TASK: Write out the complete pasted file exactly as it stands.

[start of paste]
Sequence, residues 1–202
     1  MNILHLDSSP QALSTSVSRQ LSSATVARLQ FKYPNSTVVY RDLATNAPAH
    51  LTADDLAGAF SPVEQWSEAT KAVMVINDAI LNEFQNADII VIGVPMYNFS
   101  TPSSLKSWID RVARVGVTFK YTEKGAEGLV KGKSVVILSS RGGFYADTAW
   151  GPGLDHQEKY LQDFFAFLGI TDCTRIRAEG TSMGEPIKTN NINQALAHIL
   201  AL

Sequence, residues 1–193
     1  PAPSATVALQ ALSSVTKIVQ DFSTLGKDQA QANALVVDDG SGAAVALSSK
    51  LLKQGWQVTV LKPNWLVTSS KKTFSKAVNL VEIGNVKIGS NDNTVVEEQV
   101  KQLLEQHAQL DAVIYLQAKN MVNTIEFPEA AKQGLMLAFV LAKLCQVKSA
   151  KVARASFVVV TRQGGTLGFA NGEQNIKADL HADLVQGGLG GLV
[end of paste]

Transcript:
Sequence, residues 1–202
     1  MNILHLDSSP QALSTSVSRQ LSSATVARLQ FKYPNSTVVY RDLATNAPAH
    51  LTADDLAGAF SPVEQWSEAT KAVMVINDAI LNEFQNADII VIGVPMYNFS
   101  TPSSLKSWID RVARVGVTFK YTEKGAEGLV KGKSVVILSS RGGFYADTAW
   151  GPGLDHQEKY LQDFFAFLGI TDCTRIRAEG TSMGEPIKTN NINQALAHIL
   201  AL

Sequence, residues 1–193
     1  PAPSATVALQ ALSSVTKIVQ DFSTLGKDQA QANALVVDDG SGAAVALSSK
    51  LLKQGWQVTV LKPNWLVTSS KKTFSKAVNL VEIGNVKIGS NDNTVVEEQV
   101  KQLLEQHAQL DAVIYLQAKN MVNTIEFPEA AKQGLMLAFV LAKLCQVKSA
   151  KVARASFVVV TRQGGTLGFA NGEQNIKADL HADLVQGGLG GLV